BRIEF DESCRIPTION OF THE DRAWINGS

These and other features and advantages of the present invention will become more readily appreciated when considered in connection with the following detailed description and appended drawings, wherein:

FIG. 1 is a perspective view of an exemplary casino-type game of chance played with a rotary shuffling machine according to the present invention;

FIG. 2 is a front elevation of the subject card shuffling machine in one exemplary form;

FIG. 3 is a fragmentary side view taken generally along lines 3-3 in FIG. 2 and showing the axle region in cross-section;

FIG. 4 is an enlarged view of the area circumscribed at 4 in FIG. 2 showing a card disposed in a card slot of the present machine;

FIG. 5 is a cross-sectional view taken laterally through a card slot generally along lines 5-5 in FIG. 4;

FIG. 6 is a simplified view of two playing cards together with dimensional references correlating dimensions of the playing cards to dimensions of the card slot;

FIG. 7 is a cross-sectional view taken radially through a card slot and generally along lines 7-7 from FIG. 4 with a card disposed therein shown in phantom;

FIG. 8 is a perspective view of a card slot showing a card removed therefrom together with an optional folder used to hide the indicia when the card is placed in the slot; and

FIG. 9 is a cross-sectional view as in FIG. 7 showing an optional card layout whereby the indicia is arranged so as to be hidden when the card is placed fully in the slot.

DETAILED DESCRIPTION OF THE PREFERRED EMBODIMENT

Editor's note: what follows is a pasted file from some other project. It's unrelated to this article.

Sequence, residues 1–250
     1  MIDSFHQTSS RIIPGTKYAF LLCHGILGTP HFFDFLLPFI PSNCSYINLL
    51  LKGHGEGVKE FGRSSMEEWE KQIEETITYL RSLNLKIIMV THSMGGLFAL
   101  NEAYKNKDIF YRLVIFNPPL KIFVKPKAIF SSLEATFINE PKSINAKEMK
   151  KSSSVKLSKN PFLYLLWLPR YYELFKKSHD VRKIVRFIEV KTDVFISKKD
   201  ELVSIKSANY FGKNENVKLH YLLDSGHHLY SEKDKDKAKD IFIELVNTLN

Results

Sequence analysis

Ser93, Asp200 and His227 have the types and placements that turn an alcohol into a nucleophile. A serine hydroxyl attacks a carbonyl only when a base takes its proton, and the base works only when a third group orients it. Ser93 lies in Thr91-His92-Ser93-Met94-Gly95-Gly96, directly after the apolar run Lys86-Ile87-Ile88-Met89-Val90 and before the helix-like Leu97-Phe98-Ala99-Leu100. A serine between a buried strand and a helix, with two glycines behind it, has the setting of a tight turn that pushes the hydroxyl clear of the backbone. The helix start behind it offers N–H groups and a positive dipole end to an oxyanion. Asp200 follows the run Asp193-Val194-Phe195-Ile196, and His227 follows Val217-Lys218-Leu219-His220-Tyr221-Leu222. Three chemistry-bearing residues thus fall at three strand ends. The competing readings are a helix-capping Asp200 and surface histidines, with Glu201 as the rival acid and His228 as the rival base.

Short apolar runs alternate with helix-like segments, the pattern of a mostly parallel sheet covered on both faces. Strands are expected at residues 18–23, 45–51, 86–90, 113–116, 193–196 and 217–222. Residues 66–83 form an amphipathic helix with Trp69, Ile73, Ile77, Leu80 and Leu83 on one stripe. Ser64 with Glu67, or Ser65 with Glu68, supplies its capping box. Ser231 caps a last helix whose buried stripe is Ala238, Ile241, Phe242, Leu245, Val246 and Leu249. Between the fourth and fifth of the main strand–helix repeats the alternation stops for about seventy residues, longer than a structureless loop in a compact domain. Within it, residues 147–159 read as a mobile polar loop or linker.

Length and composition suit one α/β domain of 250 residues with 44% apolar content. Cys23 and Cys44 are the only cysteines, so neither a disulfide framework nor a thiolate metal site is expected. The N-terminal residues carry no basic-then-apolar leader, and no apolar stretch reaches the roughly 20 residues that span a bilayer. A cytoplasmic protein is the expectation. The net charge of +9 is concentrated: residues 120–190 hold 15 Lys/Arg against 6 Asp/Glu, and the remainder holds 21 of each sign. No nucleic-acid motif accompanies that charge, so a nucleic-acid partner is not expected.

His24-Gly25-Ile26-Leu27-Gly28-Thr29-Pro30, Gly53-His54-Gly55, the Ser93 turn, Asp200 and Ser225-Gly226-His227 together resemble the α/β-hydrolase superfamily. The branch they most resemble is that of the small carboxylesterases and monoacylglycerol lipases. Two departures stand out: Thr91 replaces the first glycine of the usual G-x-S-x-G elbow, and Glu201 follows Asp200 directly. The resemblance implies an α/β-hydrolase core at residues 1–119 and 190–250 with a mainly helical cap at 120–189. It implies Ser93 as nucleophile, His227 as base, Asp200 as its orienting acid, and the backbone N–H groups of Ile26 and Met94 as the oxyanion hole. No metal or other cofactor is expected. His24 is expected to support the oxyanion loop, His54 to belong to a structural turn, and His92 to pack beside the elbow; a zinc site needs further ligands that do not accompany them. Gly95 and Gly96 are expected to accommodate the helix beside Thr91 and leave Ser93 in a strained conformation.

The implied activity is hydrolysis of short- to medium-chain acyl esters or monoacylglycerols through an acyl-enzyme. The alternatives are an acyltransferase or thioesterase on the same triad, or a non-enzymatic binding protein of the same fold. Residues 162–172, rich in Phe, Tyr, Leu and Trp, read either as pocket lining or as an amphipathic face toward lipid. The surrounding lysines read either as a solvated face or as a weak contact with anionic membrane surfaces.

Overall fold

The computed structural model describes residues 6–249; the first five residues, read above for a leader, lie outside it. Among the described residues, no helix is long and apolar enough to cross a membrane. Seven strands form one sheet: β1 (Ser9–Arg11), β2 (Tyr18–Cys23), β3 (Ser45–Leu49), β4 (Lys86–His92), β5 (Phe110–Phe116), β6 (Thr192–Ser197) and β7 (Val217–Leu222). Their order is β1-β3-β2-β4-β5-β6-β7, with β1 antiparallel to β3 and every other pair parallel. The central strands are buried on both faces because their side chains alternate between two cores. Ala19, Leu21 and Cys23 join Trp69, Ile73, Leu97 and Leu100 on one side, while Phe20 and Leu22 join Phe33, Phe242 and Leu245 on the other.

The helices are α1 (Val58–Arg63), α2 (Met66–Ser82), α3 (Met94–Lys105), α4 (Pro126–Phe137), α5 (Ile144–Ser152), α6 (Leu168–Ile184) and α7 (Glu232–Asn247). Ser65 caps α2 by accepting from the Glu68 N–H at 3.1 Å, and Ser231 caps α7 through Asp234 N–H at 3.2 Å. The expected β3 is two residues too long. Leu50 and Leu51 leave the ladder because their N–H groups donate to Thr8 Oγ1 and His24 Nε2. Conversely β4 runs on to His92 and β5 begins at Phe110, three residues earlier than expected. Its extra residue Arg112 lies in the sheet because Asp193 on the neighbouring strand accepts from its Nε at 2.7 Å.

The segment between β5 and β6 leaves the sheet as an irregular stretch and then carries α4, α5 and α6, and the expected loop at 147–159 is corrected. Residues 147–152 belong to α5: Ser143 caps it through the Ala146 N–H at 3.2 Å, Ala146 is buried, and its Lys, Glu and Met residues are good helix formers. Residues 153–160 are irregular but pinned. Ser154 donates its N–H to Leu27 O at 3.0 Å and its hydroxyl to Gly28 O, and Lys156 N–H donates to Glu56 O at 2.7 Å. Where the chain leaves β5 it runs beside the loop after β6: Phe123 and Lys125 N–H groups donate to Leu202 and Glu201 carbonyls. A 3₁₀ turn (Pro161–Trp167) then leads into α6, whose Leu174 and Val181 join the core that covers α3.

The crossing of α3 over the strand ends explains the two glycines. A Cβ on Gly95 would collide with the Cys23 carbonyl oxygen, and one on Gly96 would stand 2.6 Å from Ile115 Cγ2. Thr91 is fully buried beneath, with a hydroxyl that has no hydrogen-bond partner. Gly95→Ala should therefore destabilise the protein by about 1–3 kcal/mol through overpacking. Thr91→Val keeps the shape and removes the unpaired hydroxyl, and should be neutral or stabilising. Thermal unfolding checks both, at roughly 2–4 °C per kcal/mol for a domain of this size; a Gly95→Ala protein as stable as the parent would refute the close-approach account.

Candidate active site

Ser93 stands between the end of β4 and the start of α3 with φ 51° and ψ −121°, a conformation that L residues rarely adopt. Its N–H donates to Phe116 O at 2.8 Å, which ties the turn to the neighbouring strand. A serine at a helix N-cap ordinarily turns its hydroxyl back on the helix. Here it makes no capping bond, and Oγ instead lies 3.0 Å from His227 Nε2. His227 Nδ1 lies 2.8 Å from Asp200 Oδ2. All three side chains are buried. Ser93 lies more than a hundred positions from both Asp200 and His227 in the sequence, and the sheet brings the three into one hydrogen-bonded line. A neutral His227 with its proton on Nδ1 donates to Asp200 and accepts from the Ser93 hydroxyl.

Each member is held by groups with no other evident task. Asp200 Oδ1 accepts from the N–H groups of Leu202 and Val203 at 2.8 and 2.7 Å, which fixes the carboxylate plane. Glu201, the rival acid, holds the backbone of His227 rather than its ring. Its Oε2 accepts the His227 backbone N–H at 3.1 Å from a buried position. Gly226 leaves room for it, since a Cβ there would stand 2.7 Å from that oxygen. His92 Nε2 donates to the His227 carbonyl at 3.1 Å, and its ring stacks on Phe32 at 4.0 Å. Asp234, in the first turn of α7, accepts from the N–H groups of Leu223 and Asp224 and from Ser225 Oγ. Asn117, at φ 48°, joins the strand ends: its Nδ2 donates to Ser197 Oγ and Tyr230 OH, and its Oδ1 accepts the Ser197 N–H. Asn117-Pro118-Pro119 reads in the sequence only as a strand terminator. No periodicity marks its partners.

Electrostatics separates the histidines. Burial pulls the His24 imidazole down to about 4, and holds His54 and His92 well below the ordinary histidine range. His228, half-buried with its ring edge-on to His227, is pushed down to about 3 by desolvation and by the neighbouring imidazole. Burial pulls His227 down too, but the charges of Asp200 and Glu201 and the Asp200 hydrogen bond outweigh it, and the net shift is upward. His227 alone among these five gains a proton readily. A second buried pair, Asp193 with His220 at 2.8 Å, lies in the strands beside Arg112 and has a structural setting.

Referring to the Figures, wherein like numerals indicate like or corresponding parts throughout the several views, a simplified depiction of a live game of chance is generally shown at 10 in FIG. 1. The game of chance 10 is intended to represent any type of game that may be played according to the teachings of the present invention. Such games may include, but are by no means limited to, the games of Money Wheel and Big Six. In addition, the game of chance 10 may include future developed games suitable for play using the teachings of this invention. Although the illustration in FIG. 1 shows a physical table 12 having a horizontal playing surface 14 around which players (not shown) congregate to place wagers, it will be understood that electronic implementations of the game of chance 10 are possible without departing from the spirit and scope of this invention. In particular, in electronic versions, the playing surface 14 may be displayed via a monitor or projector (not shown) on one or more terminals in the same or in geographically disperse locations.